90% of Military Wives Jobless or Underemployed 'Not Acceptable'

Military spouses earn 38 percent less than their civilian counterparts.

March 1, 2014, 2:00 AM
PHOTO: Military spouses, uprooted every two to three years by PCS moves, struggle to find work.
Military spouses, uprooted every two to three years by permanent-change-of-station moves, struggle to find work.
Getty Images

March 1, 2014— -- Michelle Aikman agonized for more than a year before agreeing to marry her military boyfriend. It wasn’t that Robert Aikman wasn’t handsome enough, kind enough, clever enough.

Aikman, 34, an ambitious young engineer from Littleton, Colo., just didn’t know whether she could accept the limitations her now-husband’s service in the Air Force would place on her career.

“I busted my hump to have every opportunity available,” Aikman said in a recent interview, “and as soon as I married into this life, that was all gone. That’s not acceptable to me.”

Aikman, who got married in 2002, isn’t alone.

A whopping 90 percent of female military spouses –- more than 600,000 people –- are either unemployed or underemployed, according to a recent study.

They endure frequent employment gaps and command paychecks about 38 percent lower than their civilian counterparts, the Military Officers Association of America study says.

The Department of Defense “recognizes and appreciates the challenges and sacrifices of our military families” and “is working across the board to provide a broad spectrum of career opportunities … for a range of education and experience levels,” DOD spokeswoman Joy Crabaugh told ABC News.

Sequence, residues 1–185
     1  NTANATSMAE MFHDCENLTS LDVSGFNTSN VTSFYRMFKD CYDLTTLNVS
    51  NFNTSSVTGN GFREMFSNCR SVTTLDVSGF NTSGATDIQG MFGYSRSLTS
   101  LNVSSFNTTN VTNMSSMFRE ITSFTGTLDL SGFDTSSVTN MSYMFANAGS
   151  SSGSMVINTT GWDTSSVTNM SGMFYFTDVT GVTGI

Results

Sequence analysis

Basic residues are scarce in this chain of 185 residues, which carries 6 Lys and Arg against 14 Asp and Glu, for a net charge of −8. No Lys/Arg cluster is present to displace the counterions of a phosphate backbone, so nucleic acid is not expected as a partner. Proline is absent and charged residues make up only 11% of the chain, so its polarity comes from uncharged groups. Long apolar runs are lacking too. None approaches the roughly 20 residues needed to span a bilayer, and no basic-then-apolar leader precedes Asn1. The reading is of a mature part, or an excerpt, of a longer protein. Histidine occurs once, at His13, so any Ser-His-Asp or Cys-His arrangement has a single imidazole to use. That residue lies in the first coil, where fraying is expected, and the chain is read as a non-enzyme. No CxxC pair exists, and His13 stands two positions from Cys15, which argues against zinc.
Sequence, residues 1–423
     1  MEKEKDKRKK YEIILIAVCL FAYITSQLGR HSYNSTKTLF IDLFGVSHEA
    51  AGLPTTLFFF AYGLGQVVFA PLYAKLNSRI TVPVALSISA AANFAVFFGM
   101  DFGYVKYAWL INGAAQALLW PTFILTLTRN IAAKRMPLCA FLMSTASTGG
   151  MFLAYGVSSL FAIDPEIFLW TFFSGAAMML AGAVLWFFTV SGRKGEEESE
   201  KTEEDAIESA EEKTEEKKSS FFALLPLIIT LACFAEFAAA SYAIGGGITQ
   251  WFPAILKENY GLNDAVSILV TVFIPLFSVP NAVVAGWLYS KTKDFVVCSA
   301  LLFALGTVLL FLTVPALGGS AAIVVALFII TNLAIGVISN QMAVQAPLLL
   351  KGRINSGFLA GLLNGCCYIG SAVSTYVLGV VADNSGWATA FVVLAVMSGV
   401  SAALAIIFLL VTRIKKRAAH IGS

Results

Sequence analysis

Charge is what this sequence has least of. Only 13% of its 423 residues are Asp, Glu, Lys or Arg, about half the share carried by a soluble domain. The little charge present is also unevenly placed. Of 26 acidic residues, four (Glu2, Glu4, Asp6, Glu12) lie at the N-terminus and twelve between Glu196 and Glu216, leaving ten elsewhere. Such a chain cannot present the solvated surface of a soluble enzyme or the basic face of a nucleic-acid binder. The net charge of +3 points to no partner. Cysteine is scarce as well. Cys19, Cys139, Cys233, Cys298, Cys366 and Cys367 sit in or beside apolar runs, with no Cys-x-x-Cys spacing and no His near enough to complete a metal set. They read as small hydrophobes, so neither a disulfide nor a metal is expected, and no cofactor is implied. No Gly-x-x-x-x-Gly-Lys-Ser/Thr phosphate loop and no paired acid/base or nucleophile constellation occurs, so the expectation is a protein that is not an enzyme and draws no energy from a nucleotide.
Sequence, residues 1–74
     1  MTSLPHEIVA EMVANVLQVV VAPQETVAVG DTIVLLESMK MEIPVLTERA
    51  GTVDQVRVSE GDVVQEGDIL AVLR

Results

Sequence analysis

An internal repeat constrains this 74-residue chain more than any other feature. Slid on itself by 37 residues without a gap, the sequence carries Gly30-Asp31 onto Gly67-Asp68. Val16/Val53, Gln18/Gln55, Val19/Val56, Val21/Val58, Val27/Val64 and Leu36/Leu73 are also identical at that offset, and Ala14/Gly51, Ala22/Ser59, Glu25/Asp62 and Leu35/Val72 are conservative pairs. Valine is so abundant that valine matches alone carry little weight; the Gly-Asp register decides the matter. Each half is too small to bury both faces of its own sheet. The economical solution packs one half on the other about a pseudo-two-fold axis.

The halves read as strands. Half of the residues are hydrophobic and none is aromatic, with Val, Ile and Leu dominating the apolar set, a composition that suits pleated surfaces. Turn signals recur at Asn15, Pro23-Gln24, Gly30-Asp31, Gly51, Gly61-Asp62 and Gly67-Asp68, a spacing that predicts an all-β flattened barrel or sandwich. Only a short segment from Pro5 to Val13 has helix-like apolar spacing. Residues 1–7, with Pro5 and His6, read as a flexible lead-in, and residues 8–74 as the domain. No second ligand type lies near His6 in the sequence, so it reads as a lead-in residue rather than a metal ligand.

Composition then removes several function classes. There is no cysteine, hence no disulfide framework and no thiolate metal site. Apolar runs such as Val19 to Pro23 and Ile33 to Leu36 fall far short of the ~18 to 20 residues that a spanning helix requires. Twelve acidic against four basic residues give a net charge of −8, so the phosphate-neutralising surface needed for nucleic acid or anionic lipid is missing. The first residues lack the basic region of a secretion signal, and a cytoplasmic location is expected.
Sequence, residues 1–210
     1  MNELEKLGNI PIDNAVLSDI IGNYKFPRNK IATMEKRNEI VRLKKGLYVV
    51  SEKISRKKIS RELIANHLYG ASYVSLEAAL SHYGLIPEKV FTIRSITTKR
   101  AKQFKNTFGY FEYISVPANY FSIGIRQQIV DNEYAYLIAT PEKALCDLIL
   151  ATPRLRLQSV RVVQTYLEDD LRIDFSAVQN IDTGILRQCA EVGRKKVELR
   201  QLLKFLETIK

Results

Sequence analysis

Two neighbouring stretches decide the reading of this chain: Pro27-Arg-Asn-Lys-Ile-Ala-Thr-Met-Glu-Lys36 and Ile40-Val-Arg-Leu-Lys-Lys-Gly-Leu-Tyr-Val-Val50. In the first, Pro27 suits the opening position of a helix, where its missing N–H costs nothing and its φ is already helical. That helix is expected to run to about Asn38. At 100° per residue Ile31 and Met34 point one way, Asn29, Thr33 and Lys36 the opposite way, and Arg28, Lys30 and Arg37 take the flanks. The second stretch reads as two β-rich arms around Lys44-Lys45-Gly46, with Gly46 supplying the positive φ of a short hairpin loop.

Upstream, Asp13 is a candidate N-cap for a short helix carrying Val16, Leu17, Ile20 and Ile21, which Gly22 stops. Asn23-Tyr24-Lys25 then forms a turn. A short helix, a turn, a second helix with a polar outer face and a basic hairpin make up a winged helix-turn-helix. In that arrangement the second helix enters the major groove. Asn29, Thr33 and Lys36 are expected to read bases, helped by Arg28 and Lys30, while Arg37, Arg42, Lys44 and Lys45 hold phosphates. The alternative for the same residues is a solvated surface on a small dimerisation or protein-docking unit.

But despite the Defense Department’s efforts, which include career counseling and an online employment portal with 28,000 spouse profiles and an average of 150,000 jobs available daily, many spouses say they have come up empty-handed.

Almost 60 percent of military wives fear their partner’s active-duty status scares off potential employers wary of investing in short-term hires, according to the study. About 95 percent of military spouses are women.

“As soon as [employers] find out you’re connected to the military, the conversation is over. Their brain automatically goes to, ‘I’m not going to waste my time,’” said Aikman, who eventually became so frustrated that she abandoned engineering and began helping military families navigate career challenges full-time.

Like the more than 40 percent of military spouses interviewed for the study, Aikman, a mother of two, did not want to disclose her military connection during job interviews.

“At first I thought being honest and upfront … was the best way to approach it. But that always ended the conversation,” she said. “As I became aware of the response, I would try to avoid disclosing that information, which would get me past a certain point … but it comes out eventually.”

Even when spouses don’t mention their partners’ career, employment gaps, frequent job changes and even cross-country moves scream “military spouse.” Though 20 states prohibit employers from asking questions about marital status, some human resources managers still do.